A lot of my job is e-mail. Administrative e-mails from my boss, assertive e-mails to my boss, informative e-mails from my team, donut-centric e-mails to my team, questioning e-mails from other teams, advisory e-mails to other teams, sales e-mails from vendors, bug-report e-mails to vendors, furious and confused e-mails from users, reassuring e-mails to users, garbled e-mails from some other country, clarification-request e-mails to some other country, automated e-mails from software. Lots and lots of e-mails.

I just get too many damned e-mails, and so does everyone else. I get so many e-mails that I can't turn on my e-mail client's notification features, since I would be swamped otherwise. Likewise, I have to route automated status e-mails originating from some of our software to special directories and have them automatically marked as read so that I don't have them clogging up my inbox (which, ideally, should just contain real e-mails that I need to address). I only answer e-mails if I am not in the zone, so that I don't lose massive amounts of time dealing with something synchronously that is designed to be handled asynchronously.

I've seen other people's e-mail clients at the office and they too are swamped with e-mails. They all have various methods of organizing things, some of which work well for them and some of which don't. What's important is that they all recognize that there is a problem with the quantity of messages and they're trying to figure out how to best deal with it.

But I want to talk about two kinds of e-mails specifically today. Two kinds that I work with a lot that I find can be improved dramatically with a little bit of effort: educational, example e-mails. These are my terms and so I'll have to define them properly before we all get as confused as a Windows user's first attempt using a Mac.

An educational e-mail is a message that serves to inform a group of people about some new feature you just wrote into the code base that everyone can use to save a lot of time. It's the kind of thing that you want to bring to everyone's attention because it's really useful, but it's probably very technical and boring.

An example e-mail is when you're trying to describe some abstract concept about what your software does to a user who doesn't seem to have any idea what you're talking about. You have to hold their hand until you can figure out if they understand you yet or not.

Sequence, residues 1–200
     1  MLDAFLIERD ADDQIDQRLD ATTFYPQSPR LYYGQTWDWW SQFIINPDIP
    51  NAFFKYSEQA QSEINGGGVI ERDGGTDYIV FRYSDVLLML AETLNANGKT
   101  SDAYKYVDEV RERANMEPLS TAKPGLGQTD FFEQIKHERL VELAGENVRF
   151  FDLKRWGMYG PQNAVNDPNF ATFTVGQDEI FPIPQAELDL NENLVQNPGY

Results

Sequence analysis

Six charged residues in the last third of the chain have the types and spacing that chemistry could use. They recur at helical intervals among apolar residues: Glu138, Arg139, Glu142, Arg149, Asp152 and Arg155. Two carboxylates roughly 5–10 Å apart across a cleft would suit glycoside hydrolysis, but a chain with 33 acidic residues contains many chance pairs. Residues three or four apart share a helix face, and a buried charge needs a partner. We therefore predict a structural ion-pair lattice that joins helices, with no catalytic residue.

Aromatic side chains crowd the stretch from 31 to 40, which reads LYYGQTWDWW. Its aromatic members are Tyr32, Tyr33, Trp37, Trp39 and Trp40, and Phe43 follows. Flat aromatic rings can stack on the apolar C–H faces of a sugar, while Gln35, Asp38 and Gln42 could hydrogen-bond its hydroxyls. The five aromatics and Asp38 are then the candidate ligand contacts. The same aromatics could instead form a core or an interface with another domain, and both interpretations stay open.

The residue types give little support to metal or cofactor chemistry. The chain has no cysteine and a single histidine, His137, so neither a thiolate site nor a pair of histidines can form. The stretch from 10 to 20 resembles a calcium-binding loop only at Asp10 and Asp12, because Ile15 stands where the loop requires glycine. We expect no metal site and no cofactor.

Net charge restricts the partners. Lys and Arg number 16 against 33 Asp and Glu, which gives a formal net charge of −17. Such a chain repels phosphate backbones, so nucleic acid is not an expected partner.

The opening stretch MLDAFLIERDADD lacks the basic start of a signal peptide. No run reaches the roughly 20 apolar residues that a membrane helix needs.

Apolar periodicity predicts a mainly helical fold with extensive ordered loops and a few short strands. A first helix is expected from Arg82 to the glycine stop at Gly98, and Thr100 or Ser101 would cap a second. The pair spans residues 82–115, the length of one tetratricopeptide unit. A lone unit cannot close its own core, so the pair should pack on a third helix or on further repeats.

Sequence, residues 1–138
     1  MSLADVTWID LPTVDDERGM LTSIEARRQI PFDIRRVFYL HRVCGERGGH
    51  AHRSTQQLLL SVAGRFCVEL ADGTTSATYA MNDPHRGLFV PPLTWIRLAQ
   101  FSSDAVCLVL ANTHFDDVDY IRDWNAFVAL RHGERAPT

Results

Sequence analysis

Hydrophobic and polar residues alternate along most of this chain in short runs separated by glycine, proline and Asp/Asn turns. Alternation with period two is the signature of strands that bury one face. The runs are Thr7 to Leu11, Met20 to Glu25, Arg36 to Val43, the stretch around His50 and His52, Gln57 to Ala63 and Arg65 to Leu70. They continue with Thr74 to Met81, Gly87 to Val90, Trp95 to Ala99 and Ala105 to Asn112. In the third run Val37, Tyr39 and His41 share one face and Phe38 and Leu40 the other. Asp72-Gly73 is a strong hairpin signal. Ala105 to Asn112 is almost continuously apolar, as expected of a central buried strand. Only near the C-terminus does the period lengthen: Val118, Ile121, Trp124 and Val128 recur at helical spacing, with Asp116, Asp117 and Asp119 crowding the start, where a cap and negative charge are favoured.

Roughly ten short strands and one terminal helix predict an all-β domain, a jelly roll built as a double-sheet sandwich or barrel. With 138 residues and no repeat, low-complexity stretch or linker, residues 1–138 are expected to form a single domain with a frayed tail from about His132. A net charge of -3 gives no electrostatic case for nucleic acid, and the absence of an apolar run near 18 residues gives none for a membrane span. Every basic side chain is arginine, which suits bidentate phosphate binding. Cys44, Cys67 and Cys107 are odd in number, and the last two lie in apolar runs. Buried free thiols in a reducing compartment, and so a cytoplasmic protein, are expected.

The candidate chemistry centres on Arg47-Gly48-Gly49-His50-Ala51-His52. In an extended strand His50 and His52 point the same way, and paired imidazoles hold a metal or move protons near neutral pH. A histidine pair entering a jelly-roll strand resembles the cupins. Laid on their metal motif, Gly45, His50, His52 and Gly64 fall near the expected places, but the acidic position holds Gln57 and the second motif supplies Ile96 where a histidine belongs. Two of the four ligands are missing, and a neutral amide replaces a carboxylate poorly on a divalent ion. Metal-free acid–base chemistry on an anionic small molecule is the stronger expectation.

Now, the first thing you should notice is that e-mail is suitable for neither of these scenarios. The first situation is best handled with you in front of a room full of sleepy people if they have the time, or a message board of some kind of message board or document repository where everyone both present and future can look up the information. The second situation is best handled face-to-face with your users, so that you can really watch how they're using the software you've written so that you can know for sure if your thinking lines up with theirs. But, not all companies have internal message boards, and not all users are accessible to developers (my users are often on the other side of the world). So we're left with the simplest communication method everyone has access to and that everyone can figure out: e-mail.

In this world of hundreds of e-mails a week, how can you make sure that the educational or explanatory material in your e-mail will actually be seen, read, understood and, most importantly, retained by people reading it?

In the beginning, you don't really have any way of making people read your e-mails. You can try using fancy subjects but, ultimately, what will get your e-mails read is your reputation for writing high-quality e-mails. If everything you send out is proofread, clear and memorable, people will want to read your writing solely because it was you who wrote it.